Yo ho ho, it’s full steam ahead! From Treasure Island to Phantom of the Opera, PATRICK MARMION takes you through some stage show gems to watch in your living room
(National Theatre at Home, YouTube)
Verdict: Theatrical gold waiting to be discovered
The Phantom Of The Opera
(The Shows Must Go On, YouTube)
Verdict: Still as lush as you like
Flowers For Mrs Harris
(Chichester Festival Theatre, cft.org.uk)
Verdict: A lovely bunch of characters
When this is all over . . . is a phrase we’re hearing often at the moment. But let me just say, when this is all over . . . I reckon there’s treasure to be found in this online malarkey for theatre’s financial gold-diggers.
I’ll warrant that producers are starting to twig they’ve been missing a trick by not recording shows and streaming them to a global audience. I, for one, am finding this kind of fare increasingly satisfying — even if it’ll never replace the live experience.
The best recordings do, of course, cost a pretty penny to make. But when they’re as good as NT Live’s recording of their 2014 production of Robert Louis Stevenson’s seafaring adventure, they look great on telly.
My ten-year-old daughter… sat gripped throughout Polly Findlay’s swashbuckling production
There are terrific special-effects, including a severed hand with wriggling fingers
My ten-year-old daughter, who demands top-of-the-range CGI animation, sat gripped throughout Polly Findlay’s swashbuckling production.
She was particularly taken by Lizzie Clachan’s set design (that actually won a round of applause from the audience).
The staging takes us from a murky Bristol ale house, to a breathtakingly fitted Hispaniola and then a craggy desert island, with strange exotic groundcover that appears to pulsate.
That’s not all! There are terrific special-effects, including a severed hand with wriggling fingers.
And at times, Dan Jones’s lusty music makes you think you’re watching a Spielberg adventure.
But lest I get carried away, Lavery’s gender-fluid adaptation is best admired for its characters.
Lavery’s gender-fluid adaptation is best admired for its characters
The staging takes us from a murky Bristol ale house, to a breathtakingly fitted Hispaniola and then a craggy desert island
Patsy Ferran is a bug-eyed innocent as heroine-narrator Jemima (‘Jim’) Hawkins, while Arthur Darvill makes for a silky-tongued scoundrel as Long John Silver.
As for his parrot . . . even my seen-it-all, got-the-merchandising 15-year-old had to ask if it was real.
I’ll leave that for you to decide, but let’s just say it would take a lot of training to get a bird to twitch and talk like that on cue.
For sheer indulgence it’s still pretty hard to beat Andrew Lloyd Webber’s The Phantom Of The Opera.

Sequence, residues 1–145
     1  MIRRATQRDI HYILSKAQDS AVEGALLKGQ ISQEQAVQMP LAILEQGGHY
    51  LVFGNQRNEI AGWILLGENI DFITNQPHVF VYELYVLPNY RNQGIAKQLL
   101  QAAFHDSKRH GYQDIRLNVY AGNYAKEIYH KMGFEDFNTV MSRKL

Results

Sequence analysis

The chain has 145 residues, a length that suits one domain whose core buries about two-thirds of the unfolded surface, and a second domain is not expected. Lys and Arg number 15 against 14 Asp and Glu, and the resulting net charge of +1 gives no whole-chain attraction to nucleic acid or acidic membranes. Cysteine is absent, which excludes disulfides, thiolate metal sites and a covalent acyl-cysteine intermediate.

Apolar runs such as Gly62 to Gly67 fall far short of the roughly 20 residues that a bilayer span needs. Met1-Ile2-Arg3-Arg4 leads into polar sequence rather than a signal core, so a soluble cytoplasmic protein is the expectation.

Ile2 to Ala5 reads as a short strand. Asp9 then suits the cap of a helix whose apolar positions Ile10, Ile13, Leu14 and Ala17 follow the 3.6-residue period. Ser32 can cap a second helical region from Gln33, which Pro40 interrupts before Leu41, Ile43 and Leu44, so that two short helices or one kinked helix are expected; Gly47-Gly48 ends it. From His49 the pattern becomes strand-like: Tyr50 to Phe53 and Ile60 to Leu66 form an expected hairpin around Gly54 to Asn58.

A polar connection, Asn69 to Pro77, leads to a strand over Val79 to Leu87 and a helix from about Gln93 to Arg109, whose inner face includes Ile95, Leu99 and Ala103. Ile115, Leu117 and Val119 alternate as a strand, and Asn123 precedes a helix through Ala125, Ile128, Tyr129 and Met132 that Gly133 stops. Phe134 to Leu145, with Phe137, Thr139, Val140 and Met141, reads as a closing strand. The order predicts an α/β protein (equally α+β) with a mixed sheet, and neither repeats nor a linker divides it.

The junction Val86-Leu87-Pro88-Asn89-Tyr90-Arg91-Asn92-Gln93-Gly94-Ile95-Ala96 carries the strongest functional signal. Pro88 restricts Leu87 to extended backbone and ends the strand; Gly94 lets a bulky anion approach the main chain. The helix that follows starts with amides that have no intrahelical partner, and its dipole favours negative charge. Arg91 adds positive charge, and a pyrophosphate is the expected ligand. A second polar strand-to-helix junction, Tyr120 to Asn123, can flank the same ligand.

The 25th anniversary production, staged at the Albert Hall in 2011, has been set free to stream for 24 hours from 7pm tonight on the good Lord’s lockdown website The Shows Must Go On — but you can also watch it any time on YouTube from £2.49.
For sheer indulgence it’s still pretty hard to beat Andrew Lloyd Webber’s The Phantom Of The Opera
The 25th anniversary production, staged at the Albert Hall in 2011, has been set free to stream for 24 hours from 7pm tonight on the good Lord’s lockdown website The Shows Must Go On
No expense is spared, with projections of the Paris opera house’s audience and stage hydraulics recreating the balconies of the haunted theatre
Nor will it disappoint. This is a show dripping in colour, with costumes in the great masquerade scene that are as saucy as they are sumptuous.
No expense is spared, with projections of the Paris opera house’s audience and stage hydraulics recreating the balconies of the haunted theatre.
Hadley Fraser is effortlessly smooth as Raoul, and Ramin Karimloo boils with passion as his hideous rival the Phantom.
But Sierra Boggess steals the limelight as Lloyd Webber’s honey-voiced heroine, Christine.
And there’s even a bonus appearance at the end from Michael Crawford, Sarah Brightman and the rest of the original London cast.
While it may not have the bells and whistles of an NT Live recording, or the lush melodrama of a Lloyd Webber operetta, Flowers For Mrs Harris, a musical adaptation of Paul Gallico’s 1958 novel, has a whopping great heart.
Flowers For Mrs Harris has a whopping great heart
The screen teems with colourful characters
It’s about a widowed charlady, Mrs Harris, who travels to Paris in search of a Dior dress, and it’s got the sort of Blitz spirit we all need to keep going right now.
The screen teems with colourful characters, including Gary Wilmot as a wounded war vet-eran, and Laura Pitt-Pulford as a Parisian model, in Daniel Evans’s production.
Yes, Richard Taylor’s music can be a bit, er, chewy, but Clare Burt, in the title role, dispatches it with verve, creating a Mrs Harris who’s so gutsy you’ll want to toss your ration book in the air and cheer.
It’s about a widowed charlady, Mrs Harris, who travels to Paris in search of a Dior dress
Watch these puppets, then make your own
I Want My Hat Back
(Little Angel Theatre, YouTube)
Verdict: Kids doing it for themselves
Jon Klassen’s ‘I Want My Hat Back’
Attention toddlers! Prepare to go time-travelling with this sweet, home-made puppet version of Jon Klassen’s book.
It’s the kind of TV your parents (or grandparents) used to watch in the Jurassic era of broadcasting, when old loo rolls and sticky-back plastic formed the spine of children’s entertainment.
Performed under a cardboard arch on what looks like a chest of drawers in puppeteer Ian Nicholson’s bedroom, it’s not exactly War Horse.
But the tiny tot’s tale about a bear who’s lost his (or her) hat, is great inspiration to have a go yourself.
Islington’s Little Angel Theatre’s YouTube channel has a range of videos on how to make your own cardboard creatures, plus a ten-part series on how to stage your own puppet show.
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